The Constitution sets up a framework for presidential elections—the state-by-state process now known as the Electoral College—but leaves the details to state legislatures and to Congress. A federal law passed in 1887, the Electoral Count Act, fills in the details. According to that law, Congress assembles at 1 p.m. on January 6 to count the electoral votes for President and Vice President.
The Senate and House of Representatives shall meet in the Hall of the House of Representatives at the hour of 1 o’clock in the afternoon on that day, and the President of the Senate shall be their presiding officer.
Legally, this is when the presidential election is over—when the votes are counted and the result announced in a joint session of Congress. Members have the opportunity to object, debate, and vote on whether to accept or reject each state’s votes.
Two tellers shall be previously appointed on the part of the Senate and two on the part of the House of Representatives, to whom shall be handed, as they are opened by the President of the Senate, all the certificates and papers purporting to be certificates of the electoral votes, which certificates and papers shall be opened, presented, and acted upon in the alphabetical order of the States, beginning with the letter A; … the result of the same shall be delivered to the President of the Senate, who shall thereupon announce the state of the vote, which announcement shall be deemed a sufficient declaration of the persons, if any, elected President and Vice President of the United States….
Objections are only acted on if made in writing by at least one Representative and one Senator together. If that happens, the Senate goes back to its own chamber and both bodies debate and vote on the objection. A slate or vote is only thrown out if both bodies vote to reject it.
Every objection shall be made in writing, and shall state clearly and concisely, and without argument, the ground thereof, and shall be signed by at least one Senator and one Member of the House of Representatives. … the Senate shall thereupon withdraw, and such objections shall be submitted to the Senate for its decision; and the Speaker of the House of Representatives shall, in like manner, submit such objections to the House of Representatives for its decision; and no electoral vote or votes from any State which shall have been regularly given by electors whose appointment has been lawfully certified to according to section 6 of this title from which but one return has been received shall be rejected, but the two Houses concurrently may reject the vote or votes when they agree that such vote or votes have not been so regularly given by electors whose appointment has been so certified.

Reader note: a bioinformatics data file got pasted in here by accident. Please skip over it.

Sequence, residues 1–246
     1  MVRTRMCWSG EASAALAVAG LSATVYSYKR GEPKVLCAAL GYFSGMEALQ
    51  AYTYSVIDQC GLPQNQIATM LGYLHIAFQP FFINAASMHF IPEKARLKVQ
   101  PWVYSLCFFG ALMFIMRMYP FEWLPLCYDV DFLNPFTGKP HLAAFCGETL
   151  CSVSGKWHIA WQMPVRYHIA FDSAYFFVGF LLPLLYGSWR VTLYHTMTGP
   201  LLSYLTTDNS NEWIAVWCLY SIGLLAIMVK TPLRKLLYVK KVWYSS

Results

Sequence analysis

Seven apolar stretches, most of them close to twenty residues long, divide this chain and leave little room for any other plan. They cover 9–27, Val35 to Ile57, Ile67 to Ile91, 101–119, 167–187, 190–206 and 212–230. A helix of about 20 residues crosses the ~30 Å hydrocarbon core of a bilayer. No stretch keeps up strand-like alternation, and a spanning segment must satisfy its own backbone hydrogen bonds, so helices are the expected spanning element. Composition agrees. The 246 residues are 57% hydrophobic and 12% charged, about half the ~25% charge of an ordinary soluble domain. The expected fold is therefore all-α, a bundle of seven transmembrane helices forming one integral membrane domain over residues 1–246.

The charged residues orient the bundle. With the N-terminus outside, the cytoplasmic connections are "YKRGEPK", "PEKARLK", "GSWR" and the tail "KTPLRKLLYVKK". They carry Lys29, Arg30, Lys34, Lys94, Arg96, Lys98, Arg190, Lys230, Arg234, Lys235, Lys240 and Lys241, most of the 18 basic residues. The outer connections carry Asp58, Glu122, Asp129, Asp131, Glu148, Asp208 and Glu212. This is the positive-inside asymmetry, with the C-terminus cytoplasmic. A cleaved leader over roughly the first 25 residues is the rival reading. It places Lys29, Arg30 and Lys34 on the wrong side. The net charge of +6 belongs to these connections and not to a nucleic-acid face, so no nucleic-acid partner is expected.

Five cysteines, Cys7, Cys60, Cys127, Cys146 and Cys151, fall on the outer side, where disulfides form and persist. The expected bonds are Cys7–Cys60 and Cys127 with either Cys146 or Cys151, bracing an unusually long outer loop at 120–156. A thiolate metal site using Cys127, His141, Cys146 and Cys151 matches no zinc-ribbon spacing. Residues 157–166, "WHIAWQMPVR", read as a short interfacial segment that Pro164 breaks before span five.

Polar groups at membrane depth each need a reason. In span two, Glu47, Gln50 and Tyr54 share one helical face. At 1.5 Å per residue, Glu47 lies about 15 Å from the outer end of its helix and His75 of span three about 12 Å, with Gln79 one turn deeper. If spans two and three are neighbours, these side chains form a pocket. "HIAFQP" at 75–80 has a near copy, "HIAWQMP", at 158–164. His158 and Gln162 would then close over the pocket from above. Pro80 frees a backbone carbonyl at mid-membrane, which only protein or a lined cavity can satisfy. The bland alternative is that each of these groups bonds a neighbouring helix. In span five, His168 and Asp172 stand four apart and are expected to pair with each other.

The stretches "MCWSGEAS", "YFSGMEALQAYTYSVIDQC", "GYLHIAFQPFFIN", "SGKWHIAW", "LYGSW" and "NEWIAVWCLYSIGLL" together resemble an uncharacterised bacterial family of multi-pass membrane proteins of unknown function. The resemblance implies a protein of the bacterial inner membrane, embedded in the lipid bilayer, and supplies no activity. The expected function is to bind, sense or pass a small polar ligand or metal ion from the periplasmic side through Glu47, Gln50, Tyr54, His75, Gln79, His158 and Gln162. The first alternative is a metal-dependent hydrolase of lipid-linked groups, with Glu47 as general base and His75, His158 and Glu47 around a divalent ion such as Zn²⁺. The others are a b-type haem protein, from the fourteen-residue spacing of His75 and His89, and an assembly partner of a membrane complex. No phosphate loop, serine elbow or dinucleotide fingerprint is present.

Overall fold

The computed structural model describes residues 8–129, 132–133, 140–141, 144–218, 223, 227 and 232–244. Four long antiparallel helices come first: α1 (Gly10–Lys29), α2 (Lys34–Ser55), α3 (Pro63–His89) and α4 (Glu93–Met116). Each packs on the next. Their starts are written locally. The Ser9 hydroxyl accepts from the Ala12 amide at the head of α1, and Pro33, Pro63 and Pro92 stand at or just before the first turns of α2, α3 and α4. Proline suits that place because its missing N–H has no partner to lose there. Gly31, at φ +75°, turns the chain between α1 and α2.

The purpose of this statute is to shift responsibility to the states. Congress binds itself to accept the results submitted by state authorities, and both chambers of Congress must agree that a slate or vote is invalid before it can be rejected.
In the event that competing slates of electors are submitted from a single state, Congress is required to accept the one that comes from that state’s government, particularly if signed by a state’s governor.
If more than one return or paper purporting to be a return from a State shall have been received by the President of the Senate, those votes, and those only, shall be counted which shall have been regularly given by the electors who are shown by the determination mentioned in section 5 of this title to have been appointed…. But if the two Houses shall disagree in respect of the counting of such votes, then, and in that case, the votes of the electors whose appointment shall have been certified by the executive of the State, under the seal thereof, shall be counted.
As soon as both the House and Senate have voted on a particular dispute, they are to “immediately” return to counting the rest of the votes. This is the process set to play out on January 6, 2021, in the newly elected Congress.
This process was established after the messiest presidential election in history—the 1876 election between Republican-nominee Rutherford B. Hayes and Democratic-nominee Samuel Tilden. On election night, it appeared that Tilden had defeated Hayes. Margins were close in Florida, Louisiana, and South Carolina, with corresponding disputes over who controlled those state governments. In the end, each state submitted competing slates of electoral votes signed by various officials or not signed at all.
Some Hayes supporters argued that the President of the Senate had complete control over the process. That would have been Vice President of the United States Henry Wilson (a Republican chosen as running mate by Ulysses Grant), except that he had died on November 22, and so Sen. Thomas Ferry (another Republican, the Senate Majority Leader) was filling that role. Other Hayes supporters, and pretty much everyone else, argued that while the President of the Senate was the presiding officer, the power was in Congress.
In the end, Congress established a bi-partisan, bi-cameral commission chaired by a Justice of the Supreme Court. It accepted the Republican electors from each contested state, acting on party lines, and Hayes became President. The process was blasted as “the fraud of the century” (a play on the fact that it was the nation’s centennial that year). To prevent another such situation, where it appeared Congress had chosen the President on party lines, they enacted the Electoral Count Act a decade later.